While Alcoholics Anonymous (AA) is a preferred form of aftercare for patients “completing” formal treatment programs, little is known about AA involvement and its effects on abstinence over time. In this study, researchers assessed participation in AA, abstinence, and other alcohol outcomes over 5 years among 349 patients who entered treatment at baseline and attended AA at least once during follow-up.

Four patterns of AA attendance emerged:

  • low (mainly during the year following treatment entry);
  • medium (about 60 meetings per year with a slight increase by year 5);
  • high (over 200 meetings per year with a slight decrease by year 5); and
  • declining (almost 200 meetings the year following treatment entry and about 6 meetings in year 5).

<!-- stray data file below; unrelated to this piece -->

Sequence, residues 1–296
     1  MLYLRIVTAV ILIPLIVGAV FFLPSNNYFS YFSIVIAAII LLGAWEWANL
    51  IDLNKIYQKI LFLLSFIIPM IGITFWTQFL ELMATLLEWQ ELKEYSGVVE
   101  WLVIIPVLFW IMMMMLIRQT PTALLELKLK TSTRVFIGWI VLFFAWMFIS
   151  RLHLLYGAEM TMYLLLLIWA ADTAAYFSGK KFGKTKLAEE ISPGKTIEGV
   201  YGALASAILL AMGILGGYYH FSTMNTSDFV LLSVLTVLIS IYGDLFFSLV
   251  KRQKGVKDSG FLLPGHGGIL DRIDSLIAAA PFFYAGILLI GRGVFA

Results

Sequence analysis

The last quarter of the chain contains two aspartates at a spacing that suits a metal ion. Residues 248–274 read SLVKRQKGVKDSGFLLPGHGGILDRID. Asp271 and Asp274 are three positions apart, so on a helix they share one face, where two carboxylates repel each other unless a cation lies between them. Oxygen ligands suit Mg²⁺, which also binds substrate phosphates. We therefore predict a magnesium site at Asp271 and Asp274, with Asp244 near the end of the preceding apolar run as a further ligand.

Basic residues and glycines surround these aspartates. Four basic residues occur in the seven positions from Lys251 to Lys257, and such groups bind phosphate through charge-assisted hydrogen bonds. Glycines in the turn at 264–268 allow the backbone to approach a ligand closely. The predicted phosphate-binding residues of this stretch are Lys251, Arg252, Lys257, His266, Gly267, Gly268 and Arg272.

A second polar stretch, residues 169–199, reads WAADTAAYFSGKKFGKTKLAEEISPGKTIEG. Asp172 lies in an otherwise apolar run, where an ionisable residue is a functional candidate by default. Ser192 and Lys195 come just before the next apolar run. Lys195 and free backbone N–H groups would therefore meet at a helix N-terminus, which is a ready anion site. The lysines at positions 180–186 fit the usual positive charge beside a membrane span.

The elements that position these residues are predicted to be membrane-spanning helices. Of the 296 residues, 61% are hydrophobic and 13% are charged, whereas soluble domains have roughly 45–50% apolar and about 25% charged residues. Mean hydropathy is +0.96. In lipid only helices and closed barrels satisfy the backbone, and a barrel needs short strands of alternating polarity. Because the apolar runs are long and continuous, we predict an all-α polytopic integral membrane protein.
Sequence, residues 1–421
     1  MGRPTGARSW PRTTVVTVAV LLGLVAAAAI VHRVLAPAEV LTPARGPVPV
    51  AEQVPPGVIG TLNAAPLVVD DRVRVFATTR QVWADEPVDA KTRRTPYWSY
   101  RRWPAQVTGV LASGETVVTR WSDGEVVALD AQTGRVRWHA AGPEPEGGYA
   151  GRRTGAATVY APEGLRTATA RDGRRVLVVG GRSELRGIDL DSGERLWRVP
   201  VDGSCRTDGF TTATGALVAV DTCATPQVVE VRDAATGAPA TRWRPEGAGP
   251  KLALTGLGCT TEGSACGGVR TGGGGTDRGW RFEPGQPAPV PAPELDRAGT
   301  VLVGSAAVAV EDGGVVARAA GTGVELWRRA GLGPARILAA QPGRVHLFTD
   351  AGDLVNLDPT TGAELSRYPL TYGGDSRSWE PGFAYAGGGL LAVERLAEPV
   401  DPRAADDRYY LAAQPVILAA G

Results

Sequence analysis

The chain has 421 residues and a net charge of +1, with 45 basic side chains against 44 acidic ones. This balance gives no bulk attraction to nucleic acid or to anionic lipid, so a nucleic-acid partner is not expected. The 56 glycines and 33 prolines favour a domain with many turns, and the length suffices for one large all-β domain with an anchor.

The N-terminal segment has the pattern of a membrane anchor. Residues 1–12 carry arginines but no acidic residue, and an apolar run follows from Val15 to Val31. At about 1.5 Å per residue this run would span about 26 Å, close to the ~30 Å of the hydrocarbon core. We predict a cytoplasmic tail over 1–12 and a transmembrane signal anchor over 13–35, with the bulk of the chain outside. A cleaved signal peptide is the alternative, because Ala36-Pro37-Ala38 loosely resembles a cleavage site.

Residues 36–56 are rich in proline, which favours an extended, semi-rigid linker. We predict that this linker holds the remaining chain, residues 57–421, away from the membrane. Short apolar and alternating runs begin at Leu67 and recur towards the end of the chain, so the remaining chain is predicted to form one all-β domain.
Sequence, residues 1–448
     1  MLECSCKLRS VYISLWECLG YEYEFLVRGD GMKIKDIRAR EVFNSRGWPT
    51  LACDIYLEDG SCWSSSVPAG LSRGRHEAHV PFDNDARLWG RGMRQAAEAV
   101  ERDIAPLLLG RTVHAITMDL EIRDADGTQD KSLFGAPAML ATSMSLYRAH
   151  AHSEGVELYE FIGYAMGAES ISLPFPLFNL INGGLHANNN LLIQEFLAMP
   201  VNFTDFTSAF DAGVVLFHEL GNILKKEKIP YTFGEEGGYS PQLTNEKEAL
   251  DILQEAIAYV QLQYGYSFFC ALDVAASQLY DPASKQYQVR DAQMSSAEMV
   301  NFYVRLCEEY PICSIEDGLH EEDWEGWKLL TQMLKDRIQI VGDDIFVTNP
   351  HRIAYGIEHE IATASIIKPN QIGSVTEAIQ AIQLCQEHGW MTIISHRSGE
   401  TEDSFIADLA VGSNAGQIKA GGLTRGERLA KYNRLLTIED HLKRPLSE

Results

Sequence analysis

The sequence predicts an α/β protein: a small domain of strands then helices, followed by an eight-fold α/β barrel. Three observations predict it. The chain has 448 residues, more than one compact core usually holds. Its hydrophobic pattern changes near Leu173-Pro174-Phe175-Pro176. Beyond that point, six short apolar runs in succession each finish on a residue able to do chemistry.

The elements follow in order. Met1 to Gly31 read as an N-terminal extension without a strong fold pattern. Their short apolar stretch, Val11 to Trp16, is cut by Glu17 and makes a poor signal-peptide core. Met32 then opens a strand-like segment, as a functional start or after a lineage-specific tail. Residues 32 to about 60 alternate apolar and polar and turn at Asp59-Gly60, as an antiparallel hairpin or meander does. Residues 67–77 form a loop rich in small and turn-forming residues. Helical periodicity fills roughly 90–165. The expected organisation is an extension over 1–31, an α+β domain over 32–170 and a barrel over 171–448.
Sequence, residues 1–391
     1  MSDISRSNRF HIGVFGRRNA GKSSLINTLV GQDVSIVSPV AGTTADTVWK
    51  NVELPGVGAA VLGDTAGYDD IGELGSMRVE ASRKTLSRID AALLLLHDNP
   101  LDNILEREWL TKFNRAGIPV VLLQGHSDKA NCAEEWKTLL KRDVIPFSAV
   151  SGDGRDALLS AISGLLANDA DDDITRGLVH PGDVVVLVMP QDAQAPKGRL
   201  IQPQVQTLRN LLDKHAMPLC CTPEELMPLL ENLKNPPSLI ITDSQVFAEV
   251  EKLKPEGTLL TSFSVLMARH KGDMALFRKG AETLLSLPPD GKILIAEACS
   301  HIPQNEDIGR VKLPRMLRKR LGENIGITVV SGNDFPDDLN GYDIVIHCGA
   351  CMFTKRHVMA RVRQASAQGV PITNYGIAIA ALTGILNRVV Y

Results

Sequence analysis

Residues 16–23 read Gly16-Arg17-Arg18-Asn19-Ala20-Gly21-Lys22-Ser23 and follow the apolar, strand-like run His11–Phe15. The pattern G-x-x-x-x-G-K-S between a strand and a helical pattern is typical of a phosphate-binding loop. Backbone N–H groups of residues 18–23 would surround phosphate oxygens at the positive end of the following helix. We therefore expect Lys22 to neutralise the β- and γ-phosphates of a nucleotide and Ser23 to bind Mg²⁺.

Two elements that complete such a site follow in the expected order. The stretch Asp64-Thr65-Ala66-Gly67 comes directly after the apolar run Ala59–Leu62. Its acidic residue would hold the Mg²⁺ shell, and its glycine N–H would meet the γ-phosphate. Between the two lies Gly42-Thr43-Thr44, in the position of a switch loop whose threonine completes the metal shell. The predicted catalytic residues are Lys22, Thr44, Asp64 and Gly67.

Abstinence (past 30 days) in year 5 significantly differed across groups:

  • 79 percent of patients with high attendance reported abstinence, followed by
  • 73 percent with medium attendance,
  • 61 percent with declining attendance, and
  • 43 percent with low attendance.

Patients with medium or high attendance had the largest social networks of people who supported patient abstinence or decreased alcohol use.

Patients across the groups had similar numbers of dependence symptoms and social consequences of drinking.

Patients who attend AA after treatment can be characterized as those who never connect, those who connect briefly, and those who maintain stable (and sometimes quite high) attendance. Even those who connect for a short while appear to benefit years later, though higher attendance was associated with a greater likelihood of long-term abstinence. Providers should reinforce AA attendance as part of a comprehensive effort to improve long-term abstinence.

Research Reference: Kaskutas LA, Ammon L, Delucchi K, et al. Alcoholics Anonymous careers: patterns of AA involvement five years after treatment entry. Alcohol Clin Exp Res. 2005:29(11);1983–1990.

Reprinted with permission from Alcohol and Health: Current Evidence.

From Jointogether